Contents

1 Introduction

This vignette is centered around the application of pipeComp to scRNA-seq clustering pipelines, and assumes a general understanding of pipeComp (for an overview, see the pipeComp vignette).

The scRNAseq PipelineDefinition comes in two variants determined by the object used as a backbone, either SingleCellExperiment (SCE) or seurat (see ?scrna_pipeline). Both use the same evaluation metrics, and most method wrappers included in the package have been made so that they are compatible with both. For simplicity, we will therefore stick to just one variant here, and will focus on few very basic comparisons to illustrate the main functionalities, metrics and evaluation plots. For more detailed benchmarks, refer to our preprint:

pipeComp, a general framework for the evaluation of computational pipelines, reveals performant single-cell RNA-seq preprocessing tools
Pierre-Luc Germain, Anthony Sonrel & Mark D Robinson, bioRxiv 2020.02.02.930578



1.1 The PipelineDefinition

The PipelineDefinition can be obtained with the following function:

library(pipeComp)
# we use the variant of the pipeline used in the paper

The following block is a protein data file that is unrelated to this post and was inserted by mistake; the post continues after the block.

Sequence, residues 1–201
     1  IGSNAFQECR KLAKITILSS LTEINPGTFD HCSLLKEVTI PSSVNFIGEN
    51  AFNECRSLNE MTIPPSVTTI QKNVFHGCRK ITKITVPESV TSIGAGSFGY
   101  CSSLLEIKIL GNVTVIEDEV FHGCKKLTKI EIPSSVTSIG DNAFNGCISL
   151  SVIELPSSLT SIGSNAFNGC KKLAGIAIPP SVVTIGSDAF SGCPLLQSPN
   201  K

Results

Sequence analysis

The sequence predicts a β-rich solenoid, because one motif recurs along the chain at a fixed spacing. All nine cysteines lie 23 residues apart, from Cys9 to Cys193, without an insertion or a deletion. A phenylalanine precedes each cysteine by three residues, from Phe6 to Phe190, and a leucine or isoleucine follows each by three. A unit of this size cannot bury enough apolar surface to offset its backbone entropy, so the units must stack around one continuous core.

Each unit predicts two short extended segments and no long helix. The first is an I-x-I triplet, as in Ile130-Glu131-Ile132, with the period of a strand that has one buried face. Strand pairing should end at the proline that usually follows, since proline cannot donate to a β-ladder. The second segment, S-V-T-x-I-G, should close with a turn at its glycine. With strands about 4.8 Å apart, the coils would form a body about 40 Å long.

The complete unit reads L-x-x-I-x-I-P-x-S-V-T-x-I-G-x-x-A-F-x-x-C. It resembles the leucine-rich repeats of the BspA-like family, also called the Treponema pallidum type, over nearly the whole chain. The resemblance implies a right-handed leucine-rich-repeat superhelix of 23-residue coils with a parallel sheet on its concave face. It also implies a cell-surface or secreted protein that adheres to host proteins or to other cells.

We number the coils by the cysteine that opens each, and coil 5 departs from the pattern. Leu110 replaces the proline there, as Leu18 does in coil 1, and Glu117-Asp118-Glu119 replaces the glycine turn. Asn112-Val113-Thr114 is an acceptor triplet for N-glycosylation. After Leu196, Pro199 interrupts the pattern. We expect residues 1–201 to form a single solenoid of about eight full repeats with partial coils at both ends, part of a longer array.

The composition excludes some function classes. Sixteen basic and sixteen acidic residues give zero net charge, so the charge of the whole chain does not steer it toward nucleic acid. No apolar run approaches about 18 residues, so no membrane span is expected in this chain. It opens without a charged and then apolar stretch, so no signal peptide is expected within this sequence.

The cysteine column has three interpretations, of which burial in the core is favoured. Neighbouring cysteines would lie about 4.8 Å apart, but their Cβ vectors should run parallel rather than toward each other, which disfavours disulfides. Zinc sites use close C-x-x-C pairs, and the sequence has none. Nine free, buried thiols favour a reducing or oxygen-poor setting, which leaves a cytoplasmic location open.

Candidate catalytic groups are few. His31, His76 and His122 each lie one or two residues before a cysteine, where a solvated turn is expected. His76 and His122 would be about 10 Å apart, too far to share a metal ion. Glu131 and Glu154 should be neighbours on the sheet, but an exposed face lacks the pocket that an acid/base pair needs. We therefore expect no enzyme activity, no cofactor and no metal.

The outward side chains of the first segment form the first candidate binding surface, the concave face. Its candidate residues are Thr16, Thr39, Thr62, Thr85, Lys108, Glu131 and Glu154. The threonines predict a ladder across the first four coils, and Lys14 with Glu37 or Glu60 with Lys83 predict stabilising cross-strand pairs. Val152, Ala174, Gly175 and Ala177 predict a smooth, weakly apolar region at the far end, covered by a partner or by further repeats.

pipDef <- scrna_pipeline(pipeClass = "seurat")
pipDef
## A PipelineDefinition object with the following steps:
##   - doublet(x, doubletmethod) * 
## Takes a SCE object with the `phenoid` colData column, passes it through the 
## function `doubletmethod`, and outputs a filtered SCE.
##   - filtering(x, filt) * 
## Takes a SCE object, passes it through the function `filt`, and outputs a 
## filtered Seurat object.
##   - normalization(x, norm) * 
## Passes the object through function `norm` and returns it with the normalized and scale data slots filled.
##   - selection(x, sel, selnb=2000)
## Returns a Seurat object with the VariableFeatures filled with `selnb` features
##  using the function `sel`.
##   - dimreduction(x, dr, maxdim=50) * 
## Returns a Seurat object with the PCA reduction with up to `maxdim` components
## using the `dr` function.